In this article, Brian Hill and Michael Khalil discuss the sufficiency of complaints in light of the Twombly/Iqbal "plausibility" standard. "It is important to note that neither case upsets the well-established rule that, when deciding a motion to dismiss, a court must accept as true all allegations contained in a complaint," the authors said. "Nonetheless, courts continue to struggle with the meaning of the plausibility standard. Unsurprisingly, the decisions are inconsistent and sometimes, if not often, hard to reconcile. This is no less true in the ERISA context."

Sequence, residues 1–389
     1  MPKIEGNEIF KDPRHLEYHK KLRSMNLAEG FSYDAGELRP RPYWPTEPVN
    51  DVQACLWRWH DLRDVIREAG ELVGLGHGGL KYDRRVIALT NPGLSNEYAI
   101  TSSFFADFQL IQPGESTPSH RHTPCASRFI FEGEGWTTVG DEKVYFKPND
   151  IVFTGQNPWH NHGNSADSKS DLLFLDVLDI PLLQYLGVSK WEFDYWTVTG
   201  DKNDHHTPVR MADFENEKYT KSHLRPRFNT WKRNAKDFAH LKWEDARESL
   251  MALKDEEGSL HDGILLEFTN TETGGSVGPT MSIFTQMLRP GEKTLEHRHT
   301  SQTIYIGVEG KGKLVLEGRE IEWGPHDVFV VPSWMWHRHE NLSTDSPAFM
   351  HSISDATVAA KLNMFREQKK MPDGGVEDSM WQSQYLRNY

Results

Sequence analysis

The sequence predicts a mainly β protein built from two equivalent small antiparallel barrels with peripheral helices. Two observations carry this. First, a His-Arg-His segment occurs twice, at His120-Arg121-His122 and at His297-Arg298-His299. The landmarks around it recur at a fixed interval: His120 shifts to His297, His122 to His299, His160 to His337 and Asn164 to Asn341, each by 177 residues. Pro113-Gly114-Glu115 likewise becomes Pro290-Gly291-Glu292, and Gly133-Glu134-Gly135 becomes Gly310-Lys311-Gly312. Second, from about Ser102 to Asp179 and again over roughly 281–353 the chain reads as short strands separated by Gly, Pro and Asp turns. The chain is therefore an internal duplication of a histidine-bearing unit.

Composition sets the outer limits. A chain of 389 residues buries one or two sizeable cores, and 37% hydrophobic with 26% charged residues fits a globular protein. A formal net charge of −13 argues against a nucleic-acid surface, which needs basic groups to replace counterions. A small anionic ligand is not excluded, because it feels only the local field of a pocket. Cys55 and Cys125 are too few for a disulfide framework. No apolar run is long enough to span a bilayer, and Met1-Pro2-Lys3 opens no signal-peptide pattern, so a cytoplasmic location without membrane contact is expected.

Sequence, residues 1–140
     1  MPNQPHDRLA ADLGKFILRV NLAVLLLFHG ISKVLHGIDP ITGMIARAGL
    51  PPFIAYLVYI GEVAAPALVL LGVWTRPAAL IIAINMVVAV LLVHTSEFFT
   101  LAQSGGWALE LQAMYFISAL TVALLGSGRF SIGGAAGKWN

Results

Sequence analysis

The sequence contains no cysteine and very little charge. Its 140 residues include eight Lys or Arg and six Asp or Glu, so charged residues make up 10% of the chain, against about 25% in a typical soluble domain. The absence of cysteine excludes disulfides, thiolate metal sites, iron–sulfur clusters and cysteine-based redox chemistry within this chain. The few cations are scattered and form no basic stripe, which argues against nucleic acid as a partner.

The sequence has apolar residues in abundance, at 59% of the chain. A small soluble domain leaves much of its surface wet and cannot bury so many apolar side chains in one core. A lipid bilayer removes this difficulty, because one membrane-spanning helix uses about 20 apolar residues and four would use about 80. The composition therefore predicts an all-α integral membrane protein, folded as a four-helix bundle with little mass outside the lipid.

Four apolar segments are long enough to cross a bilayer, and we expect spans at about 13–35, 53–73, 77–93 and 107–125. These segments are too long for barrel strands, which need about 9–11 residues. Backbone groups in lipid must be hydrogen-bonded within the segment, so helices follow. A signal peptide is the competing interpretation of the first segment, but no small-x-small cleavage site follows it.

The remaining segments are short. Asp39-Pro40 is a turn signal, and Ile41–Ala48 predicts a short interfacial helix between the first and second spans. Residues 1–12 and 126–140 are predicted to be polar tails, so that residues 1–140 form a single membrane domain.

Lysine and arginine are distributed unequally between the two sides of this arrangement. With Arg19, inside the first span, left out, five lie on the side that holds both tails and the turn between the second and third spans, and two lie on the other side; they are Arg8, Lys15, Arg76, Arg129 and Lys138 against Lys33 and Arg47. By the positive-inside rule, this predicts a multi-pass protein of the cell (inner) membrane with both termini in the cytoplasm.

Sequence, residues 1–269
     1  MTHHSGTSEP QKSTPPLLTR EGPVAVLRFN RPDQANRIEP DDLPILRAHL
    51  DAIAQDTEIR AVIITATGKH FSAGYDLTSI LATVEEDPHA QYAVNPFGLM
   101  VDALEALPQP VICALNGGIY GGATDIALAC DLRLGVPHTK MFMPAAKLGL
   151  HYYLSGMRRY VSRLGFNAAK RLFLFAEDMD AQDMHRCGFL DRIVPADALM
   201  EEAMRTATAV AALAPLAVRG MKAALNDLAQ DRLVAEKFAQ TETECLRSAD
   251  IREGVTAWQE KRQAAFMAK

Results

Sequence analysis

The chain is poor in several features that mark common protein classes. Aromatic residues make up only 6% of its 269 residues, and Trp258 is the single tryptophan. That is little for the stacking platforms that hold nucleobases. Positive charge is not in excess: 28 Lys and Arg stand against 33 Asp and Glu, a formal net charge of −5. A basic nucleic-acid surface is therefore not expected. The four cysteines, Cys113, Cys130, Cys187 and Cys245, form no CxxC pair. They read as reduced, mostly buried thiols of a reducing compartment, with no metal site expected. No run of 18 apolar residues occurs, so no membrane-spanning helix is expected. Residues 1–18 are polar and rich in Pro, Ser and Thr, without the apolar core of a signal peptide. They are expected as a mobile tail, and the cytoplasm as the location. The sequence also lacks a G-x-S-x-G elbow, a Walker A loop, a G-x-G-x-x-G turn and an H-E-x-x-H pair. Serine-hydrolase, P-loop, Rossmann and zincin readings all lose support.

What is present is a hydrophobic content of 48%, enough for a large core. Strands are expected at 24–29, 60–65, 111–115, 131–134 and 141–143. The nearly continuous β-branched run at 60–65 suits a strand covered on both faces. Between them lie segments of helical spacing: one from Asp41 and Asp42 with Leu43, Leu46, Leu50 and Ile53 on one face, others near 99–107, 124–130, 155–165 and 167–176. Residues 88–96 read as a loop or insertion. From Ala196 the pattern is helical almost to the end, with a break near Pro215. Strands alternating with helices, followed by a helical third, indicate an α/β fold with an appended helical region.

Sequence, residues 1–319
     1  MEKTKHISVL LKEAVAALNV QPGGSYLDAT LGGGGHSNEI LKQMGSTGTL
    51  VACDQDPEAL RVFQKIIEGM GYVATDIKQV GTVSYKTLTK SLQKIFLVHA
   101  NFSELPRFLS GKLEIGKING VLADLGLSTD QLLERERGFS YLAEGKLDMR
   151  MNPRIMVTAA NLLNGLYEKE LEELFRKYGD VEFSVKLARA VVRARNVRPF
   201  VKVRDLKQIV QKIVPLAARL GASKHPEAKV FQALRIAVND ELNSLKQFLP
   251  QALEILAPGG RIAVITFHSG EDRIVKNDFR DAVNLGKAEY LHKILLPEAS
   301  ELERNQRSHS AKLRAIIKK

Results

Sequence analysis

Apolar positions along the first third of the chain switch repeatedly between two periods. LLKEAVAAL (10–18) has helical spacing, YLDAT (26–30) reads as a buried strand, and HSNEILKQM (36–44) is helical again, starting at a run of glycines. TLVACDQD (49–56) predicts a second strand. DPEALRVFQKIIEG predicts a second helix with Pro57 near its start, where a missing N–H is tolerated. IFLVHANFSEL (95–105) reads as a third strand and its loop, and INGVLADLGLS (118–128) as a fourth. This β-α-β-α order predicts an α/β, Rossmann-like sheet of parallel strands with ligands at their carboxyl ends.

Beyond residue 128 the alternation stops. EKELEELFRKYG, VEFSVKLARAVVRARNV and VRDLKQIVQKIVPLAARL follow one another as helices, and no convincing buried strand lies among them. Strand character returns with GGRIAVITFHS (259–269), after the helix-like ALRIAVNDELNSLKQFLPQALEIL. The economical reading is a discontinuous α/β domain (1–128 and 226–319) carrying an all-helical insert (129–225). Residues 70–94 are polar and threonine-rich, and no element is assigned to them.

This article examines three fact-patterns dealing with the plausibility standard in two types of ERISA cases: one involving a claim for benefits under ERISA Section 502(a)(1)(B), and the other two involving allegations of fiduciary breaches under ERISA Section 502(a). Based on other similar cases, the authors determine that the Twombly/Iqbal standard forces courts to scrutinize facts at the beginning of a case and that the courts are more willing to dismiss a complaint they believe to be insufficient under the plausibility standard.